Hels said...


I suspect that children nowadays think of themselves are far more sophisticated than their parents and grandparents were. So oldfashioned and charming might both be good descriptors.

Hels said...


excellent idea. Have a young child or two with you, when you see the films.

Hels said...


same here. I knew of all the Australian children's books and films ages ago, but I didn't know of Yoram Gross until relatively recently. His characters were friendly and not at all violent.

Hels said...


sometimes memories of our childhood pop up into the brain, usually creating fond memories that had apparently disappeared when our Grade Four teacher waved us goodbye decades ago. I don't even know if my primary school still stands in the same redbrick building in the same tree lined street.

Hels said...


I have no clear idea about children's stories these days. I personally would not like children focusing on their personal problems, or on using violence, or on the deadly crises across the world. But just because I loved animals, forests and adventures, it doesn't mean young children will find these themes riveting today.

Now there are lots of relevant questions to be asked.

Hels said...


not shameful at all. But I agree with you that many children these days wouldn't know about his films, or appreciate them if they did know about them.

Hels said...


Yoram Gross had an appalling childhood in Germany, one that did not strike me as an ideal preparation for a career based on love, support, importance of animals, preservation of nature and simplicity. But perhaps his successful films specifically emerged from his internal sensitivity to loss and violence.

Hels said...


When we lived in the UK, spouse and I saw films from all over the British Commonwealth and felt very much at home. These were not children's animated films, of course, but Walkabout,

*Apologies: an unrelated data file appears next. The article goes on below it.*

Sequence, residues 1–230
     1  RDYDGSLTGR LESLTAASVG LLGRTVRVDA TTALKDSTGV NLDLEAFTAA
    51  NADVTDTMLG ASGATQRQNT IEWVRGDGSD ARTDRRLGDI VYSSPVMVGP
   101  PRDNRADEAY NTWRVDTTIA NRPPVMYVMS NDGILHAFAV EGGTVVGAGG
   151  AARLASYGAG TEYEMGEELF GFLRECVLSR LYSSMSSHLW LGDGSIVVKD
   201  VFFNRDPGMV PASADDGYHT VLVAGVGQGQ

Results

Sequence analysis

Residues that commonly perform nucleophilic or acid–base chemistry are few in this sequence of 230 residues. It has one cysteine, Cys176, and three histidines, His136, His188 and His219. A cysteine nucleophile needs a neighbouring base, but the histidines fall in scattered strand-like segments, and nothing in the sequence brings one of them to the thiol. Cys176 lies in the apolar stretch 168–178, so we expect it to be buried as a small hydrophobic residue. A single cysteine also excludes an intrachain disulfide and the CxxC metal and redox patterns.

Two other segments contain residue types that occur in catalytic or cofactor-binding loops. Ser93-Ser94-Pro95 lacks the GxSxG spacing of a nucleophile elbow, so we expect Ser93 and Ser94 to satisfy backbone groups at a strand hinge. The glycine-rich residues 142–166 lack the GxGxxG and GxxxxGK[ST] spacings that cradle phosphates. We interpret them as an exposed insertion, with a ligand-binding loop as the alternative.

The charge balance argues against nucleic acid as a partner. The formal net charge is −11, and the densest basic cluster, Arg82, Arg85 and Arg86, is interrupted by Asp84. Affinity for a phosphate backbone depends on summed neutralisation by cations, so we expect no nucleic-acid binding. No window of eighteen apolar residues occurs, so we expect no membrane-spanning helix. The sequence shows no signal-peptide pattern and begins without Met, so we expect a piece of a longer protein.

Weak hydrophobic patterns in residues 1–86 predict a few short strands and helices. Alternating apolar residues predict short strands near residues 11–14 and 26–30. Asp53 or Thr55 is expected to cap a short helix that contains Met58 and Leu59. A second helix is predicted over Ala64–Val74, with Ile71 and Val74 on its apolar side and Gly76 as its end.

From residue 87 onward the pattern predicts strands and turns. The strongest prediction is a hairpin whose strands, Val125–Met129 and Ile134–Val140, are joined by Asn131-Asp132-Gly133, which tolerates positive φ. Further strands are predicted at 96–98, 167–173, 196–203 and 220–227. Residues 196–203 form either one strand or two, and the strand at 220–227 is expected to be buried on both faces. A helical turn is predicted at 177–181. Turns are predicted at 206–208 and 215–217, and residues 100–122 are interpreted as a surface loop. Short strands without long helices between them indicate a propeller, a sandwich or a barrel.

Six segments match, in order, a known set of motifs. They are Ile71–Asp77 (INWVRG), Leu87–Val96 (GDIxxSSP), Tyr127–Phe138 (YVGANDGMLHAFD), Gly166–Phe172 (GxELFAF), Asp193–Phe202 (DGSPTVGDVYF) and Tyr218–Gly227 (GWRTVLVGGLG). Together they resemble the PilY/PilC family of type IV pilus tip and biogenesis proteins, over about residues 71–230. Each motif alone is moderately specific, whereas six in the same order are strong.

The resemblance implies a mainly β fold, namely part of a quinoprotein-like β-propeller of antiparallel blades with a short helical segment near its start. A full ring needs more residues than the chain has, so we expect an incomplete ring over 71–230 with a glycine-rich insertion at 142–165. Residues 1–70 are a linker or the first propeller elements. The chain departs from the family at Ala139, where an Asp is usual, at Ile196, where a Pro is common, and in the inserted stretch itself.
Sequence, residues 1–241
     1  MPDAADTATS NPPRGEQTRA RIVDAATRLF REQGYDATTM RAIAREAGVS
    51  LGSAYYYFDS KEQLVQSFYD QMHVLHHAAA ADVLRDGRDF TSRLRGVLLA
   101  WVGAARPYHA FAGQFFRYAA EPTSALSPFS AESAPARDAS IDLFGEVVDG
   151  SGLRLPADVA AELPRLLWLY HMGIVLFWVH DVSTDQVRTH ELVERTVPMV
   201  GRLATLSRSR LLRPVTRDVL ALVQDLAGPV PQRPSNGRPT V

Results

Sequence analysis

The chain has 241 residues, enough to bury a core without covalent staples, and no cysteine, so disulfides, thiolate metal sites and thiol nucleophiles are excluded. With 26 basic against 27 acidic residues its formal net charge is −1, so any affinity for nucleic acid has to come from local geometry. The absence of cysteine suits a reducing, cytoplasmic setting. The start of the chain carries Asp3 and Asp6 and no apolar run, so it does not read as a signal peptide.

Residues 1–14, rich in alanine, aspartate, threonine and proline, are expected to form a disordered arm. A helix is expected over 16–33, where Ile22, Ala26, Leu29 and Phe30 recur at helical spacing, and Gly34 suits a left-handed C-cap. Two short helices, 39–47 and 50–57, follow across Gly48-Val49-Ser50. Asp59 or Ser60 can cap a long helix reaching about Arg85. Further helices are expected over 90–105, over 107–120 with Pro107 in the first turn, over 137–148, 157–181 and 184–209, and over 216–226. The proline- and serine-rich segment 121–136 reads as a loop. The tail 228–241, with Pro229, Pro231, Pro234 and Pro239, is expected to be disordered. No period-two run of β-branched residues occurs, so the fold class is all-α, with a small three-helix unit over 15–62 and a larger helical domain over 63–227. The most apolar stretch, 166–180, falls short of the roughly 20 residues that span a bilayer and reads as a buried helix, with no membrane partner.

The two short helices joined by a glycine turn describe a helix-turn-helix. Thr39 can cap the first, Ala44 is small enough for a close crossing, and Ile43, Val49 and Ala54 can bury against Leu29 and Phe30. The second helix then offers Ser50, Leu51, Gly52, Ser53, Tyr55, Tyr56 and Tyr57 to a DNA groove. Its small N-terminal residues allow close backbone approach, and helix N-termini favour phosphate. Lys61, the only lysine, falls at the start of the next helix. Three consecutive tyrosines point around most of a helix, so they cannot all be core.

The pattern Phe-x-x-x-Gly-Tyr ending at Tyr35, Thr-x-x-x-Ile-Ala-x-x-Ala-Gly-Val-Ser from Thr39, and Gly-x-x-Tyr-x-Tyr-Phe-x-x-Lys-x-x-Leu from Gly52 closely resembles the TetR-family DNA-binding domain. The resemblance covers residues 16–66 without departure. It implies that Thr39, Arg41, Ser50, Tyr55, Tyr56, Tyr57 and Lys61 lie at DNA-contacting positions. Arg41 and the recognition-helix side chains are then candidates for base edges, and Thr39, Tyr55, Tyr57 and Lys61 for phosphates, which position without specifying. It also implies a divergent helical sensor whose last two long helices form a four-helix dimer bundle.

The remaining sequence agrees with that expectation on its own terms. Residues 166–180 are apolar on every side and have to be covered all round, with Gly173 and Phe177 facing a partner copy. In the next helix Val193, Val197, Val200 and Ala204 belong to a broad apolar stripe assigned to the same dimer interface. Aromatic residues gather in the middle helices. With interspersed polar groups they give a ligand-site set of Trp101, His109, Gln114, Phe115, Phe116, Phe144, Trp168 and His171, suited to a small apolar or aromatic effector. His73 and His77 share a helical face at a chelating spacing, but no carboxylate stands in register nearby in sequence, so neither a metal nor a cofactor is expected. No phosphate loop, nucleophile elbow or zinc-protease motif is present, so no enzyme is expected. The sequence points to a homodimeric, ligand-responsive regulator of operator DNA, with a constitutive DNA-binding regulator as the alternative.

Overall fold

Wake in Fright and Picnic at Hanging Rock were packed out with Commonwealth ex-pats.

Luiz Gomes said...

Boa noite de quarta-feira minha querida amiga. Muitos desenhos, não chegaram no Brasil.

Hels said...


I was certain that would have been true, before computers spread around the world in the 1990s.

But can your children get Yoram Gross films from Netflix or something similar?

My name is Erika. said...

Wow, I can't imagine getting through the war in hiding. One of my great-grandfather was from Krakow, and I realize how little I know about people from that city. These books sounds interesting. Thanks for sharing them Hels.

hels said...

Hopefully we continue learning later in life, especially family related history. School-based education is a great start to our learning, not an end. Even blogs are greatly helpful :)

retirementreflections said...

Hi, Hels - I love reading bits of history like this that are sadly not always widely known. Thank you for sharing Yoram Gross with us. He is an incredible example of the power of true resilence.

Rachel Phillips said...

What an interesting post. Thank you. I read every word.

Hels said...


Yoram Gross was amazing, wasn't he?
For people of our generation, it is fascinating to know what young people read or watch these days. I know what my own school set for English classes, and I know secondhand what my children read and saw. But my youngest grandchildren barely read, and watch films that I might think are totally unsuitable.

Hels said...


thank you. I too will go back and read what education experts have written about Gross' work in, say, the last 24 years.

Handmade in Israel said...

I have not heard of Yoram Gross but what a wonderful success story.

hels said...

The people who knew him best were those whose children were at the right age to watch Yoram's best works. Children were his most adoring fans :)